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New Study Provides Insights on Vulvodynia Relapse and What Might Trigger It

Reed BD, Harlow SD, Plegue MA, Sen A. Remission, Relapse, and Persistence of Vulvodynia: A Longitudinal Population-Based Study. J Womens Health (Larchmt). 2016 Jan 11. [Epub ahead of print]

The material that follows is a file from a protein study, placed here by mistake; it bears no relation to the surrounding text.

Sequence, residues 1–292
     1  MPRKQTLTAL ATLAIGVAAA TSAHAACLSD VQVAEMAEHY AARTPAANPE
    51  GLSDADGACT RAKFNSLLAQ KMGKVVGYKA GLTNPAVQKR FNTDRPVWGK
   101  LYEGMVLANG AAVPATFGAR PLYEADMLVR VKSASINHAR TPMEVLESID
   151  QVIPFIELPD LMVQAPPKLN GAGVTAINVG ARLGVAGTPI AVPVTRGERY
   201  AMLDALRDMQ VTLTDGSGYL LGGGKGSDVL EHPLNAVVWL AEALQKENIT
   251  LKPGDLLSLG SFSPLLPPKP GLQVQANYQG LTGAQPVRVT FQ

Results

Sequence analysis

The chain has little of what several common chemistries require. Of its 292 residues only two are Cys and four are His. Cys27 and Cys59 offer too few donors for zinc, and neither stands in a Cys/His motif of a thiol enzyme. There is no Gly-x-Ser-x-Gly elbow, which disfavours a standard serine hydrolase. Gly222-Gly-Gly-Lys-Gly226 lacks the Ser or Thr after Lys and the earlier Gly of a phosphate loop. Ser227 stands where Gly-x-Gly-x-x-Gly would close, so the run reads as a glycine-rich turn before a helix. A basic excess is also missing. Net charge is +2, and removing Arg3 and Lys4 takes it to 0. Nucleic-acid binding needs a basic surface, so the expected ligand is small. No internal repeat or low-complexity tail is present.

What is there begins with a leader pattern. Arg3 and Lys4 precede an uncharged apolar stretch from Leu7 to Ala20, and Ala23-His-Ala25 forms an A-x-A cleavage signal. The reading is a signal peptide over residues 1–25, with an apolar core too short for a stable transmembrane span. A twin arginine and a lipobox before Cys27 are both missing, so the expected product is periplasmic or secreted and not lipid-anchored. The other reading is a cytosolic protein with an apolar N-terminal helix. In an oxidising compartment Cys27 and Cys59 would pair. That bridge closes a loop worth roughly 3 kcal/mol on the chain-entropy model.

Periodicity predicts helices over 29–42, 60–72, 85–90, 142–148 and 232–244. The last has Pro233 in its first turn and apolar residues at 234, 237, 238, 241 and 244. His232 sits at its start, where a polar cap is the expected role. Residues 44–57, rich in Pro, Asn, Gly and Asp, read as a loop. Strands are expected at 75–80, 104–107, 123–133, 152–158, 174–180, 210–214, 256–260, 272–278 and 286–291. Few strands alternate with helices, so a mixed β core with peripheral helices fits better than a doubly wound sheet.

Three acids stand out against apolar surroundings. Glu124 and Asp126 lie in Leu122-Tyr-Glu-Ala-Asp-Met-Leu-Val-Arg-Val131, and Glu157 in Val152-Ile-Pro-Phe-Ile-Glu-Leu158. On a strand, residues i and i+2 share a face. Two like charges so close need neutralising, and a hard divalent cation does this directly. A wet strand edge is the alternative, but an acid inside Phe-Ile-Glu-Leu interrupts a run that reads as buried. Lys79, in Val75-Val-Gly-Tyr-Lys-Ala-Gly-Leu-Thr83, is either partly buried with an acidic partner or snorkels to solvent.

This study elucidates risk factors for relapse and remission of vulvodynia, or chronic pain in the vulvar area. Results are based on data from women with vulvodynia in the University of Michigan’s large and comprehensive Woman to Woman Health Study. The investigators identified 441 women in the study who screened positive for vulvodynia, and of that group, 239 of the women completed 4 more surveys. Based on this data, investigators were able to determine that about 50% of the women with vulvodynia eventually went into remission and did not relapse. Another 40% of the women initially experienced remission at some point, but unfortunately relapsed within 6-30 months. Only about 10% of the women had persistent vulvodynia at each screening (i.e., no remissions). Interestingly, investigators found that key factors associated with relapse included provoked pain at the first screening, or a diagnosis of interstitial cystitis at the first screening. Factors associated with persistence included more severe intercourse-related symptoms, pain with oral sex, or pain with partner touch. The key take-away message is vulvodynia usually occurs in episodes; in other words, remission of vulvodynia symptoms is the common scenario, while persistent symptoms with no remission is the exception, not the rule.

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